Batten down the hatches; there’s bad weather coming. A combination of factors has amassed to create what can only be described as a perfect storm for the legal landscape, one that is in danger of swamping our judiciary.
The first warning signs were registered by District Judge Nicholas Crichton. He noted how our courts have become saturated with litigants in person and the detrimental effect this is having on the entire family justice system. For the cost of their court fee, they have the power to take up a court and judge’s time. And their uncertainty leads to more litigation; they don’t know when to negotiate or accept a deal and drag out the court process, sometimes resulting in an illustrious judge being dragged into murky waters.
Added to these already choppy seas comes a mighty gale: the government response to the Family Justice Review. Most of the report’s recommendations are about streamlining the judicial process and making cost savings. In these economically straitened times it is perhaps no surprise that the consensus is to keep divorcing couples out of court in order to ease the burden and save money.
There will be a tightening up of the requirements for couples to attend a mediation information and assessment meeting (MIAM), and increased encouragement to seek advice from someone who may not be legally trained. Couples are also going to be directed to online information services, rather than seek immediate advice from a solicitor who could advise them as to their actual legal position rather than that of the public in general.
People don’t, and realistically can’t, conduct their own surgery. They wouldn’t, for example, pull out their own teeth, yet, in a process that will shape the rest of their lives, people are actively and positively encouraged to have a go themselves. It comes as no surprise given the decimation of our legal aid system, once envied across the world. How can people be directed to take the legal advice if the government has removed their means of access to it?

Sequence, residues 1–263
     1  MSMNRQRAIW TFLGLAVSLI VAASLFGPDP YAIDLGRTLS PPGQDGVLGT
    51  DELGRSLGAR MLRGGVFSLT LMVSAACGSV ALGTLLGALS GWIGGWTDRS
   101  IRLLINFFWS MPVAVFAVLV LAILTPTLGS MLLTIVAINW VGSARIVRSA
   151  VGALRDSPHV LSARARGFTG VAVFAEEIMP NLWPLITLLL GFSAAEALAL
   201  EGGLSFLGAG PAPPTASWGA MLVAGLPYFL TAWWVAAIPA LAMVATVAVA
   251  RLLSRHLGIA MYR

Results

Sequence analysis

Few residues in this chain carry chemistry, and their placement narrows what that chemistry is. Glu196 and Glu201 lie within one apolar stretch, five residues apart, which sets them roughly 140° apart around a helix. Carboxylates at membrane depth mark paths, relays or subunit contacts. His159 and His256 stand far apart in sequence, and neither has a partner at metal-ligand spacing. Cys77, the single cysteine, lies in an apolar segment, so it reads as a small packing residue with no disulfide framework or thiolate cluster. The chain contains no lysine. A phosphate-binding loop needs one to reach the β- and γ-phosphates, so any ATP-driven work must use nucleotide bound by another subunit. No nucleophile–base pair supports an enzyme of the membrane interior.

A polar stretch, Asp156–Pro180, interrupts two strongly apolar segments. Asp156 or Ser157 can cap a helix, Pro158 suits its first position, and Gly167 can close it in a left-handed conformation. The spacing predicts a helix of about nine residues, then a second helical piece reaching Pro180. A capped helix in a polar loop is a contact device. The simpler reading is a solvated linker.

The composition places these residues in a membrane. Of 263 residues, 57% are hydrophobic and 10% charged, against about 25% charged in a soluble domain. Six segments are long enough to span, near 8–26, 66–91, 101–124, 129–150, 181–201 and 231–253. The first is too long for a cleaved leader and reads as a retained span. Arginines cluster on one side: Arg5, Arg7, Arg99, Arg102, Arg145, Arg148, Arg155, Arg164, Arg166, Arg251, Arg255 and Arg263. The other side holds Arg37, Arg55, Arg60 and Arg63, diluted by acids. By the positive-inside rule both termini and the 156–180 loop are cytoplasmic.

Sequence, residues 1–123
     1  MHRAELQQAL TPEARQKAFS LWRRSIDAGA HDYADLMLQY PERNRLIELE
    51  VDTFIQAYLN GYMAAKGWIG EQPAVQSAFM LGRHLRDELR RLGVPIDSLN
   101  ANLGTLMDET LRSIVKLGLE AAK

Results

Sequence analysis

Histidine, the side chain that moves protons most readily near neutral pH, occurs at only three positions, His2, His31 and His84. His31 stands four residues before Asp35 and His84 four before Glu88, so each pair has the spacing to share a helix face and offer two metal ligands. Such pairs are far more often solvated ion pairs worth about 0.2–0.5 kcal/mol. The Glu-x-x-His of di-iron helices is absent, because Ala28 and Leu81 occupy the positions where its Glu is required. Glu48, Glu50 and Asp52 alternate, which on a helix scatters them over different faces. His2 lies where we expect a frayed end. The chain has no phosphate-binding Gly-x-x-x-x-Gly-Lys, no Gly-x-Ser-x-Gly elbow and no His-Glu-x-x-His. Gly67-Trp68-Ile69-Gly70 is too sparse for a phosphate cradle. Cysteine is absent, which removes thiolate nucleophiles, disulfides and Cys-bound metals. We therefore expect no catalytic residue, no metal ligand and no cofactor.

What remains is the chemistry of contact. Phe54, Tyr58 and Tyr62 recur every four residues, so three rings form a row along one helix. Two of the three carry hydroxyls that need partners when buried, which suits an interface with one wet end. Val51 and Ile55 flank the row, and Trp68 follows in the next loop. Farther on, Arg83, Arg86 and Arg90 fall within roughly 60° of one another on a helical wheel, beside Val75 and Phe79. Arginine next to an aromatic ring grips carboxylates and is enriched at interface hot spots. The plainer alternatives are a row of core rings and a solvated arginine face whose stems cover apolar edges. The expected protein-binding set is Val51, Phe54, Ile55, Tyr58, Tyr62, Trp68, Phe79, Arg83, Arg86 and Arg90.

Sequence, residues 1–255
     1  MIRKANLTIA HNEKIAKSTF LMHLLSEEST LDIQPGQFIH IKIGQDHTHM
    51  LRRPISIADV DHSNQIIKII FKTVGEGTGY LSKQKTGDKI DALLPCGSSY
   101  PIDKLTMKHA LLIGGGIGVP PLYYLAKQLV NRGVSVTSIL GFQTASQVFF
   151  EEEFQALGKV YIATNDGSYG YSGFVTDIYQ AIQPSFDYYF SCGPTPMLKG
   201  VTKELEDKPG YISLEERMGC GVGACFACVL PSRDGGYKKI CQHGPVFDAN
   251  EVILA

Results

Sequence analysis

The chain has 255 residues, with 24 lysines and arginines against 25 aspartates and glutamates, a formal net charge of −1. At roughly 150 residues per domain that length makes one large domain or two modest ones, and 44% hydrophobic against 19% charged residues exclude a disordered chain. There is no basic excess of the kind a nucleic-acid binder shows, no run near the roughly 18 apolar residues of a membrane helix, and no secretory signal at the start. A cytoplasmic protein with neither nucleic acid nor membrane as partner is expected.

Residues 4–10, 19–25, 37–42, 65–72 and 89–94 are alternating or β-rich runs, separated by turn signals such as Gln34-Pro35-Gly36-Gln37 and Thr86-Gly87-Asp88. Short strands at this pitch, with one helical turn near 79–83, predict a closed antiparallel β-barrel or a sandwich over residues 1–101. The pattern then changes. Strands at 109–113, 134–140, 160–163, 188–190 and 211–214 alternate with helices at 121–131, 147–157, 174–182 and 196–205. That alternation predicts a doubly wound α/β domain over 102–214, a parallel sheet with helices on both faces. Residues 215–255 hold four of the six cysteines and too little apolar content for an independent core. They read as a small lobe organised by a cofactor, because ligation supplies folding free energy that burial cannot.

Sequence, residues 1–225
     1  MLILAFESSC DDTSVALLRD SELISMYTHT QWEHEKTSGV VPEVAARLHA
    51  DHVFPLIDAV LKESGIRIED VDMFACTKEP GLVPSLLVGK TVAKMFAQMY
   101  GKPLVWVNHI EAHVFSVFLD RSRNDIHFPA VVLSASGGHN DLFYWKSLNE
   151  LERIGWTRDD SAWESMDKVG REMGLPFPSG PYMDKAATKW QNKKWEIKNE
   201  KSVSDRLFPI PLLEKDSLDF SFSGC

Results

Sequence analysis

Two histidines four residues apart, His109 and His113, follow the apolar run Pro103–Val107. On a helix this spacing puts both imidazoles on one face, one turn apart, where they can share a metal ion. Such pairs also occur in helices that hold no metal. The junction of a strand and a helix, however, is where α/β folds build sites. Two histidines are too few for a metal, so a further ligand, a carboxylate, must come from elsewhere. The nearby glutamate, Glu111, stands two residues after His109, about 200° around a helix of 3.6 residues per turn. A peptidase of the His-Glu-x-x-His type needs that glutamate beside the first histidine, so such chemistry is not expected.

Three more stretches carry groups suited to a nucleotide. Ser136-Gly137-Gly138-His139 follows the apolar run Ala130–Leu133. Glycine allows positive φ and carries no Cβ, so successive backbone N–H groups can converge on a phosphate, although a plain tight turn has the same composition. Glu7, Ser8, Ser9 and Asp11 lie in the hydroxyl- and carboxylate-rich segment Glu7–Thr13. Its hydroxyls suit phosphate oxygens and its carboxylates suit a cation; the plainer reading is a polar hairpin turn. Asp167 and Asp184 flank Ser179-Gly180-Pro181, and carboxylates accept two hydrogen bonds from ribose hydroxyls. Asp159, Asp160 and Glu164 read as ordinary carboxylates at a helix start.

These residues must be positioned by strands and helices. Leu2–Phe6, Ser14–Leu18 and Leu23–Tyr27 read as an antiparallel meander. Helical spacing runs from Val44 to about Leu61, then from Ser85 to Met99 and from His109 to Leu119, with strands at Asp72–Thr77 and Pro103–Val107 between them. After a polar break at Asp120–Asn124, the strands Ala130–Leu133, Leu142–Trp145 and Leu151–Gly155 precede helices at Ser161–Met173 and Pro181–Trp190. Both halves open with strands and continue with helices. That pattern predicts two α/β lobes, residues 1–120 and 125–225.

We will soon have a cost-saving administrative divorce process, one that will no longer be managed by judges, and that will have no requirement for them to approve the arrangements for children before granting a decree nisi. We face the real prospect of serious fraud in divorce and children from dissolving marriages joining the ranks of those from separating cohabitants, passing ignored and unchecked under the court’s radar.
Alongside the concern that families may not receive the legal support they need, I also believe the government’s emphasis and investment in ‘dispute resolution services’ may delay but won’t prevent parties from ending up in court. Alternatives to the court system are unlikely to work, as the muted response to compulsory mediation in the earliest stages of family cases has shown. The government insists otherwise, but all of us who heavily invested in mediation training are still waiting for couples to use it.
A system without teeth is pointless regardless of how much money we throw at it. And what about the miscarriages of justice due to people being unable to afford to see lawyers? More will be making decisions with the help of non-practitioners who are ignorant of the law and with no clue as to the myriad outcomes.
Lighten the burden
So, why not try a proven way forward to reduce the burden on our civil courts and the cost of state-funded legal support? Keep cases that belong in court, in court. Improve the legal aid budget and make the system friendlier, more accessible and easier for potential clients. All but the most complicated residence and contact cases should be put in front of a magistrate, with only the tough cases progressing to county court. Cases before magistrates should be dealt with immediately and without reams of paperwork, lengthy reports and so forth. Each case should be more tightly contained thus more control of overall costs. With tighter control of block contracts to legal aid lawyers there will be one or two hearings, all with the benefit of legal representation.
It’s time for the government to stand back and use a bit of good old common sense: you can’t permanently remove these cases from the justice system, but you can make it quicker and easier to find justice. To do so you need the help of legal aid lawyers – it is as simple and straightforward as that. If we recognise it now, we might yet stand a chance of turning this tide.
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